Neurosurgery 71:117–125, 2012 DOI: 10.1227/NEU.0b013e3182532e71
The management of spinal column tumors continues to be a challenge for clinicians. The mechanisms of tumor recurrence after surgical intervention as well as resistance to radiation and chemotherapy continue to be elucidated. Furthermore, the pathophysiology of metastatic spread remains an area of active investigation.
There is a growing body of evidence pointing to the existence of a subset of tumor cells with high tumorigenic potential in many spine cancers that exhibit characteristics similar to those of stem cells. The ability to self-renew and differentiate into multiple lineages is the hallmark of stem cells, and tumor cells that exhibit these characteristics have been described as cancer stem cells (CSCs).
The mechanisms that allow nonmalignant stem cells to promote normal developmental programming by way of enhanced proliferation, promotion of angiogenesis, and increased motility may be used by CSCs to fuel carcinogenesis.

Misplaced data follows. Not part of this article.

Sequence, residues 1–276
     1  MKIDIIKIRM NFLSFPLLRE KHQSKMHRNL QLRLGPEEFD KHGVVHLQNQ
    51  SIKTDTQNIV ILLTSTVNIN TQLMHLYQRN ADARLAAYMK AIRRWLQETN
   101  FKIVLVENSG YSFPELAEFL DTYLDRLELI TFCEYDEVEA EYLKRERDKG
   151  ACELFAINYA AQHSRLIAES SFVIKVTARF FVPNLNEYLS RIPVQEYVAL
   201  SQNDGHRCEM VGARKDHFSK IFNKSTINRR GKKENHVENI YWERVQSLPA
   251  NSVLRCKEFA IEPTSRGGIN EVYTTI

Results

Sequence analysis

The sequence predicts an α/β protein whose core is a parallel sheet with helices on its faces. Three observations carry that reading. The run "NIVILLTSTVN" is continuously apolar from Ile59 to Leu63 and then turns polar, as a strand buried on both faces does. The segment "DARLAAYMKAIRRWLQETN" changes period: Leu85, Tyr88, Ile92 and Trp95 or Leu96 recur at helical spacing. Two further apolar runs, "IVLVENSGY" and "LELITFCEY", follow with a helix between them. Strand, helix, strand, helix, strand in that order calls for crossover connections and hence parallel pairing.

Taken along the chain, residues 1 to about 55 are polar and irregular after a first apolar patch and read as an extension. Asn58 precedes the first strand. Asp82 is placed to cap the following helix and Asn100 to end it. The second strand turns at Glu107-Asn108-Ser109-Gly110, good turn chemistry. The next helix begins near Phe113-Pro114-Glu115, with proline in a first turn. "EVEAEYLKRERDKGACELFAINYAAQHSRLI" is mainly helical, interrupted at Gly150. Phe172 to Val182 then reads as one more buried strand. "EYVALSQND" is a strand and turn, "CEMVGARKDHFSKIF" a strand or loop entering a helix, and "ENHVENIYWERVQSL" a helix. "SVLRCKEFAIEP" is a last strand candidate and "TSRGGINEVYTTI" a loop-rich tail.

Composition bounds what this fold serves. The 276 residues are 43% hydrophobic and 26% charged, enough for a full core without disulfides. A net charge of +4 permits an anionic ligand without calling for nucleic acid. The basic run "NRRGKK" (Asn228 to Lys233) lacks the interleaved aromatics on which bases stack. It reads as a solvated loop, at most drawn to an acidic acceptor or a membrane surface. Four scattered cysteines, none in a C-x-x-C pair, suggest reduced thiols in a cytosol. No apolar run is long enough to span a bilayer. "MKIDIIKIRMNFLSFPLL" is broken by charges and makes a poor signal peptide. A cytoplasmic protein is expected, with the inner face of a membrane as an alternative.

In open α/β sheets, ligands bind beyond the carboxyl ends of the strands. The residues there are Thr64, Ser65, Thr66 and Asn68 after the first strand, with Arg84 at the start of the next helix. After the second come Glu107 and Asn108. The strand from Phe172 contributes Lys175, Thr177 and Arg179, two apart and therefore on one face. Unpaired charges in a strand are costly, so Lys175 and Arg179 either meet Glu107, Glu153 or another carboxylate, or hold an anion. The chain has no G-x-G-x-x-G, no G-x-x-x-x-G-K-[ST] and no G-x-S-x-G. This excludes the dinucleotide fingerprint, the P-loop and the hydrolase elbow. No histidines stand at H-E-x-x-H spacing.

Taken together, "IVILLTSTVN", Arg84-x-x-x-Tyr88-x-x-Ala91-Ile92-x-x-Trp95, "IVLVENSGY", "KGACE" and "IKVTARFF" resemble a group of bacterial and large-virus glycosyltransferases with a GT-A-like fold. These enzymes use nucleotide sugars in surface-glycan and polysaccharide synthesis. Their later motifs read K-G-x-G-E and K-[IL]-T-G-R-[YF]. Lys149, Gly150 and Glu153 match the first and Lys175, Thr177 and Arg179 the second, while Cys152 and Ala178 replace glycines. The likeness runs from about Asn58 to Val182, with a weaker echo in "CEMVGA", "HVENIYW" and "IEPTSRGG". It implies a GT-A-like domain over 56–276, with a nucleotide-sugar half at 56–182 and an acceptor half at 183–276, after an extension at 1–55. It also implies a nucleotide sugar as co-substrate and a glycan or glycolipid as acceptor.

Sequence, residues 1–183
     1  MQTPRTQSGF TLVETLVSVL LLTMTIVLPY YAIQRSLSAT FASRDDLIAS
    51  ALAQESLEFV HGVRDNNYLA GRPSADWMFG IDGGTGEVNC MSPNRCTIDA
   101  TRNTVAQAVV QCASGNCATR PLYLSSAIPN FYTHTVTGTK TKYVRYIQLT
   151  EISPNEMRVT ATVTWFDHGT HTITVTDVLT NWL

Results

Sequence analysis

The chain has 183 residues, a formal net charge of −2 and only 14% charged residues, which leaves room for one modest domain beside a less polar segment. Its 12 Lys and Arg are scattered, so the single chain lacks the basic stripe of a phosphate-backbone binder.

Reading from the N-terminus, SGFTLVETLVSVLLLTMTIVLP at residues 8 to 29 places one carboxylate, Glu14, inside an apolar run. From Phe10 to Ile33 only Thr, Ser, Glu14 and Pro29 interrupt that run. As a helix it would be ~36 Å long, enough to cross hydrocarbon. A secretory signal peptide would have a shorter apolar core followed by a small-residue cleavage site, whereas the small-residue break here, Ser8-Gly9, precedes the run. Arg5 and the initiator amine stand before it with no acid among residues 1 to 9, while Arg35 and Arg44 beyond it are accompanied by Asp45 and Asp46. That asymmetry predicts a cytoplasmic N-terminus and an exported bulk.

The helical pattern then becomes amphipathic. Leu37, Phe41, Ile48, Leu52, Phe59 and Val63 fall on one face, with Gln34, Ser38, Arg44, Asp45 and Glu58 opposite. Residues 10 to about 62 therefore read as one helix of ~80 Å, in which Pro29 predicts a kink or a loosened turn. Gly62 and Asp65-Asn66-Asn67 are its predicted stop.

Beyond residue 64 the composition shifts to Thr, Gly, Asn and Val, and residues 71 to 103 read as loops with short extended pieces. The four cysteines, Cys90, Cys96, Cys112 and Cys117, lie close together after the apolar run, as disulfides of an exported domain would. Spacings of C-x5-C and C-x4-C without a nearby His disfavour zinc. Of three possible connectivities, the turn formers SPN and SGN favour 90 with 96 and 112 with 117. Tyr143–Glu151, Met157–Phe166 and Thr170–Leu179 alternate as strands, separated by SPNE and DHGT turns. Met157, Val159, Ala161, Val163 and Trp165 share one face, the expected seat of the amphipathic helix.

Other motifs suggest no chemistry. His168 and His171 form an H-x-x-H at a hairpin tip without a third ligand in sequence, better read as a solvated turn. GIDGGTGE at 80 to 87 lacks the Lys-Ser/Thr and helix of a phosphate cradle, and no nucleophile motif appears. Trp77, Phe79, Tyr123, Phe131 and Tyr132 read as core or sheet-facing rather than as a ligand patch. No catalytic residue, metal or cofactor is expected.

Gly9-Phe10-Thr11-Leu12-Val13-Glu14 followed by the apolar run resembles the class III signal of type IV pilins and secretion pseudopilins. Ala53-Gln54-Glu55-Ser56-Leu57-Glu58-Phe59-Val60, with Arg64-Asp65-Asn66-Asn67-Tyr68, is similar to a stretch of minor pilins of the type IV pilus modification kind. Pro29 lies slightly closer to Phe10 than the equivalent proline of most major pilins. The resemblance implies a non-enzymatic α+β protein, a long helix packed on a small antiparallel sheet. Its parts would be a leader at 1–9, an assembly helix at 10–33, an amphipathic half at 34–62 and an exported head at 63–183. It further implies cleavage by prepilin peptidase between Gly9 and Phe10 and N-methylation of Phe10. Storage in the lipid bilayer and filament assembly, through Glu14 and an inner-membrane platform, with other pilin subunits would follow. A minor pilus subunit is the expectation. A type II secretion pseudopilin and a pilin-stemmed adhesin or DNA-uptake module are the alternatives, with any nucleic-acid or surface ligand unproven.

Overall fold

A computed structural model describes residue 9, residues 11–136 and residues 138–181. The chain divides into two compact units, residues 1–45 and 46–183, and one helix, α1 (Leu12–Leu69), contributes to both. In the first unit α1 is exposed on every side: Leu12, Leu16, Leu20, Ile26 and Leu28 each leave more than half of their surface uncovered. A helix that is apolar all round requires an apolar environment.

The purpose of this review is to discuss what is known about the role of CSCs in tumors of the osseous spine. First, this article reviews the fundamental concepts critical to understanding the role of CSCs with respect to chemoresistance, radioresistance, and metastatic disease. This discussion is followed by a review of what is known about the role of CSCs in the most common primary tumors of the osseous spine.